Two individuals are responsible for establishing the story in The Mandalorian: Pedro Pascal, acting with everything but his face, and Ludwig Göransson, whose “space flute” score establishes the foundation for creator Jon Favreau’s live action Star Wars series. For Pascal, by invoking the Man with No Name character made famous by Clint Eastwood, he assumes the burden of being Boba Fett without being Boba Fett. (The original Fett actor, Jeremy Bullock, adopted Eastwood’s performance to inspire his own). In this Pascal succeeds, more so by the end of the first episode where his voice projects the character beyond the armor. As for Göransson, his score kicks in as the Mandalorian enters a snow-bound cantina and there’s no doubt that we are watching a space western, as music influenced by famed composer Ennio Morricone saunters in with an Italian flavored recorder. The line between television and film is no more pronounced than with his music, which in the vein of Kevin Kiner, composer for previous Star Wars television projects (The Clone Wars, Rebels) separates the genre away from the neo-romantic cinematic work of John Williams. This is a good thing, and throughout the first two episodes, Göransson’s music, like Williams’ scoring, becomes an invisible character that breathes life into Favreau’s creation.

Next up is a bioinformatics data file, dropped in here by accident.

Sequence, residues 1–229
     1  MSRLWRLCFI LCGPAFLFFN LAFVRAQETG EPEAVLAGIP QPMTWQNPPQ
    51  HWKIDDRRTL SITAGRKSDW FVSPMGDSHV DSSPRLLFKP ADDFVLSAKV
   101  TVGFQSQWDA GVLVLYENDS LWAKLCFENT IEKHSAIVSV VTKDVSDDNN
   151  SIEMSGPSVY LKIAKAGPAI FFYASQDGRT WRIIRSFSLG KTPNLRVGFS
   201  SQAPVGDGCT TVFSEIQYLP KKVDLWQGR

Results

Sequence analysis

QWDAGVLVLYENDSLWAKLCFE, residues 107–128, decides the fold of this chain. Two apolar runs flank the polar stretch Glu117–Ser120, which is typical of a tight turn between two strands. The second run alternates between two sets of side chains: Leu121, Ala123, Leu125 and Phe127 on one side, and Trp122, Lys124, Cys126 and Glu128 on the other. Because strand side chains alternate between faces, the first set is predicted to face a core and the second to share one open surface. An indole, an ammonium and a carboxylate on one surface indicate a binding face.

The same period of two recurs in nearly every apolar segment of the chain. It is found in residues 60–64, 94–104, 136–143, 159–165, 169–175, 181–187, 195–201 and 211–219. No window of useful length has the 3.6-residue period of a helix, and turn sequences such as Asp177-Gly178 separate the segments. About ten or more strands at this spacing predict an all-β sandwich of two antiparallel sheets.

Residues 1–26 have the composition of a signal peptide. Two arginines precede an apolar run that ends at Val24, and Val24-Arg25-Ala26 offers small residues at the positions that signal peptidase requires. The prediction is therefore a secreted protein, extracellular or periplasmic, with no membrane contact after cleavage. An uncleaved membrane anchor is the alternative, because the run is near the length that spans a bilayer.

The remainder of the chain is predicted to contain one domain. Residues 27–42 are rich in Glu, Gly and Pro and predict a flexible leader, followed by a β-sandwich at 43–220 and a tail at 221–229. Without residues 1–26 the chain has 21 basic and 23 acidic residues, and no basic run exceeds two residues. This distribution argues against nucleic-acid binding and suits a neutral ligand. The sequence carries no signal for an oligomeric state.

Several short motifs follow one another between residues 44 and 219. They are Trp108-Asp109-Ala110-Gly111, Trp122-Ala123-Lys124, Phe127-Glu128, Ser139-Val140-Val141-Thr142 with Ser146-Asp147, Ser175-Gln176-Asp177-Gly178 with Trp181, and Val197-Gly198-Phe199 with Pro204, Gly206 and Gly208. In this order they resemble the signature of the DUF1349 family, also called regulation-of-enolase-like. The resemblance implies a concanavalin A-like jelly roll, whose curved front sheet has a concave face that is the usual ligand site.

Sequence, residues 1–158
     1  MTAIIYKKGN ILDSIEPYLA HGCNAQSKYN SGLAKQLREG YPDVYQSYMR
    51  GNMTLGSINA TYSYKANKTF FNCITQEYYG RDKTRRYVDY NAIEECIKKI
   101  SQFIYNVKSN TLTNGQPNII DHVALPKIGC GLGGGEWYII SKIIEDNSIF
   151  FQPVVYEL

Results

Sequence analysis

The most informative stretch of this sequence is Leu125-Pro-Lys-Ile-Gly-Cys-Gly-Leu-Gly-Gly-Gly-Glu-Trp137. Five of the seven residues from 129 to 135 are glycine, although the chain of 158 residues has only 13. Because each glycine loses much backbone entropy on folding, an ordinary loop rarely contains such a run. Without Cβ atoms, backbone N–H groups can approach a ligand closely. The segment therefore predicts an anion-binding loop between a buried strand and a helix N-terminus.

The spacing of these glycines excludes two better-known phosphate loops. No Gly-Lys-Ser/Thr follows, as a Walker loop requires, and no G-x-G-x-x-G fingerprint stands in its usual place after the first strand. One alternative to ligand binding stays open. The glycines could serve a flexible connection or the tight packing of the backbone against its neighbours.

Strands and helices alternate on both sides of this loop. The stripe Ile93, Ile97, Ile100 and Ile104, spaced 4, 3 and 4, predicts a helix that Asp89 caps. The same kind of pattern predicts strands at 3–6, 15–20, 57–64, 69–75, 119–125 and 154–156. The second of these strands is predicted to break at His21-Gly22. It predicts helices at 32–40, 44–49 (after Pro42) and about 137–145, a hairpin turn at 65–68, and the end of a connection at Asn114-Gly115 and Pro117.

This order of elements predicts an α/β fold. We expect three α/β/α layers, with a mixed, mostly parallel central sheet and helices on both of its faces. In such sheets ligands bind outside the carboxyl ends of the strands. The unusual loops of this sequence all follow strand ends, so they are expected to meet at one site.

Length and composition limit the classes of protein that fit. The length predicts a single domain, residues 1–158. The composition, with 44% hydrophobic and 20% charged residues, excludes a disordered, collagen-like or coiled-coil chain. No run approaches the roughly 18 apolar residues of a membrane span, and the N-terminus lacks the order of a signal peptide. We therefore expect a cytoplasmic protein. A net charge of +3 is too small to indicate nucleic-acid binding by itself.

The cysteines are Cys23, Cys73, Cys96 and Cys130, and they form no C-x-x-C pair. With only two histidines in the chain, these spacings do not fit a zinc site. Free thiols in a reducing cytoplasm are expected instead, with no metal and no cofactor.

The first episode of The Mandalorian is our introduction to the character. He’s a bounty hunter, a very good one at that, and working hard in a life after the fall of the Galactic Empire, only four years since the Battle of Jakku (or for those sticking to just the movies, five years after Return of the Jedi). The New Republic is absent in the backwater worlds we find the Mandalorian living and working in, with not even its own currency present when it comes time for the Mandalorian to collect on his bounties. Even less scarce than Republic credits are quality bounties, which leads the Mandalorian to accept an off-the-books job from the Carl Weather’s well played Greef Karga, the bounty hunter guild’s job man. The mysterious bounty leads him to Werner Herzog’s The Client, an unnamed former Imperial still commanding at least a handful of worn out looking stormtroopers. Herzog’s character is intriguing, and comes across as a pragmatist whose motives are obscure and whose desire, a bounty, is offered to be paid with beskar steel, a metal precious to Mandalorians for their armor.